Scenes Of A Shutdown: A Synagogue Hosts Furloughed Workers

NPR

Scenes Of A Shutdown: A Synagogue Hosts Furloughed Workers

by Christina Cauterucci

October 01, 2013 6:08 PM

As more than 800,000 government employees were sent home this morning, the staff at Washington, D.C.’s Sixth & I Historic Synagogue opened “,” a gathering space for furloughed locals to work and play.

Esther Safran Foer, Sixth & I’s executive director, called an impromptu staff meeting yesterday morning to suggest that they allow displaced federal workers to use the Wi-Fi at the synagogue, which regularly hosts secular concerts and lectures in addition to events for the Jewish community.

“I can’t imagine how stressful it is to … wake up in the morning and realize you have no idea if you’re going to get paid for that day, or for the next couple days,” says Beth Semel, the synagogue’s program associate. “We wanted to give people a place to forget about it.” Continue reading “Scenes Of A Shutdown: A Synagogue Hosts Furloughed Workers”

White House Warns Of Sequestration’s Effects

by Krishnadev Calamur

February 17, 201311:27 AM
White House Chief of Staff Denis McDonough at the White House on Jan. 25.

White House Chief of Staff Denis McDonough at the White House on Jan. 25.

Carolyn Kaster/AP

The White House and congressional Democrats are sounding the alarm bells over the consequences of the sequester, the across-the-board cuts to the budget that are scheduled to go into effect in March.

White House Chief of Staff Denis McDonough said the cuts would offset “pretty good” economic activity over the past few months. He said President Obama had a plan to cut an addition $1.5 trillion from the deficit.

“He’s ready to do another $1.5 trillion to get up to the $4 trillion target that economists across the country tell us is needed to stabilize the debt over the next 10 years,” McDonough said on ABC’s This Week. “So that’s exactly what the president has done, working with Democrats and Republicans.” Continue reading “White House Warns Of Sequestration’s Effects”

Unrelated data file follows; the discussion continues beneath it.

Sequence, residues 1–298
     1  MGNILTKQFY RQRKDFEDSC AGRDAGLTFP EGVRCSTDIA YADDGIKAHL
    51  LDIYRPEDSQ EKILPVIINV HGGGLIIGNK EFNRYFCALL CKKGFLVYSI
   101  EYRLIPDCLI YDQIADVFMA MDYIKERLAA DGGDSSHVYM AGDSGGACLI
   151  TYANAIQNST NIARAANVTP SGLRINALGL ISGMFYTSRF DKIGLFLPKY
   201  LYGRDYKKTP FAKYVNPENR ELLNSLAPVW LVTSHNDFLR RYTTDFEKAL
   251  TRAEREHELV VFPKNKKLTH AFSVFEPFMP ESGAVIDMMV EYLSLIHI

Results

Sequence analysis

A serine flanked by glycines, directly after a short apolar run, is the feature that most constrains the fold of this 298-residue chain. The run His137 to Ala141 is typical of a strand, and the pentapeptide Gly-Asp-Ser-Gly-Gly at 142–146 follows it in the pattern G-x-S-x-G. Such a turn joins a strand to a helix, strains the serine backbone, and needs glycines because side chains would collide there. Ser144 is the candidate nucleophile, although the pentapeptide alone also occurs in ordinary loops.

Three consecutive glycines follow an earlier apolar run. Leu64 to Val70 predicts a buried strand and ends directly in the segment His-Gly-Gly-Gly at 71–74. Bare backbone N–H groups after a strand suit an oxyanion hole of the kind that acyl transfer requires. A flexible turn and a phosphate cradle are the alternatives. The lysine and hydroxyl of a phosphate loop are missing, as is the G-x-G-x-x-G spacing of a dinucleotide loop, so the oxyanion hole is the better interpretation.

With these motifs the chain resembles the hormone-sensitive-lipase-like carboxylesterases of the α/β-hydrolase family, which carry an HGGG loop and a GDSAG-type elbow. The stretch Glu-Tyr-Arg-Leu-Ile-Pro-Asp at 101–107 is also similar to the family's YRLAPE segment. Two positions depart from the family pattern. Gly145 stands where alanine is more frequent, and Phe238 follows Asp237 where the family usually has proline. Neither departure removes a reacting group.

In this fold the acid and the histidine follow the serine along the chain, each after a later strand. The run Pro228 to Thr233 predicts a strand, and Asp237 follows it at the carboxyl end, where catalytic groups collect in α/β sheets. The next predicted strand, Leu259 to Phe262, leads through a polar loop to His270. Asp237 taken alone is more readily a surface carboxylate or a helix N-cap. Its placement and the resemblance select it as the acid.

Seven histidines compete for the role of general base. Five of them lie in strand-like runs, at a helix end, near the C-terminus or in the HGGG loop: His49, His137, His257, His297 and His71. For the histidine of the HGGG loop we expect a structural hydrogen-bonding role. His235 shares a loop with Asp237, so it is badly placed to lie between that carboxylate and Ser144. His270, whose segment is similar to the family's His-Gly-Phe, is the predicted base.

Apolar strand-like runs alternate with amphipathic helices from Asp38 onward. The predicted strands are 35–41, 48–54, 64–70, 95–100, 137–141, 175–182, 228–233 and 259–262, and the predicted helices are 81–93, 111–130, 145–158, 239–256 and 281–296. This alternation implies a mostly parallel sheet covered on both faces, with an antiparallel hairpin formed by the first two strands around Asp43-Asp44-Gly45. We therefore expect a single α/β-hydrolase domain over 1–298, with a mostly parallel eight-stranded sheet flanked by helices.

Durbin: ‘We’re Buying What We Can Get’ With Debt Ceiling Extension

NPR

Durbin: ‘We’re Buying What We Can Get’ With Debt Ceiling Extension

Copyright © 2013 NPR. For personal, noncommercial use only. See Terms of Use. For other uses, prior permission required.

ROBERT SIEGEL, HOST:

Joining us now is the Senate Majority Whip, the number two Democrat in the leadership, Senator Dick Durbin of Illinois. Welcome to the program once again.

SENATOR DICK DURBIN: Good to be with you.

SIEGEL: You and other Senate Democratic leaders seem to regard the House deferring action on the debt ceiling as an olive branch. Meanwhile, House Democrats like George Miller say they’re tied to a three-month leash. What’s the good part of this deal that House Democrats don’t get? Continue reading “Durbin: ‘We’re Buying What We Can Get’ With Debt Ceiling Extension”

The Fiscal Cliff, In Three And A Half Graphics

NPR

September 20, 2012

by Jacob Goldstein and Lam Thuy Vo

For more, see this story from NPR’s Marilyn Geewax on how Congress might pass some stopgap measures to blunt the effect of the fiscal cliff.

A bunch of federal tax increases and spending cuts are scheduled to kick in around Jan. 1, 2013. This is what people are talking about when they talk about the “fiscal cliff.”

If recent experience is any guide, things will probably start to get crazy as the deadline approaches, and Congress will move at the last minute to block some of the tax increases and spending cuts.

Before things get crazy, let’s take a quick look at the numbers for fiscal year 2013. Continue reading “The Fiscal Cliff, In Three And A Half Graphics”

How ‘Government’ Became A Dirty Word

How ‘Government’ Became A Dirty Word

by NPR Staff; September 1, 2012

 President Ronald Reagan and his wife, Nancy Reagan, in the inaugural parade in Washington, D.C., in January 1981. In his speech after being sworn in, Reagan called government "the problem."

Enlarge APPresident Ronald Reagan and his wife, Nancy Reagan, in the inaugural parade in Washington, D.C., in January 1981. In his speech after being sworn in, Reagan called government “the problem.”

The message at the GOP convention this week was clear: Government is too big, too expensive, and it can’t fix our economic problems.

“The choice is whether to put hard limits on economic growth, or hard limits on the size of government. And we choose to limit government,” said Republican vice presidential candidate Paul Ryan.

There’s nothing new about the message. Anti-big government sentiment is practically part of the American DNA, and it has deep roots in the Republican Party. Continue reading “How ‘Government’ Became A Dirty Word”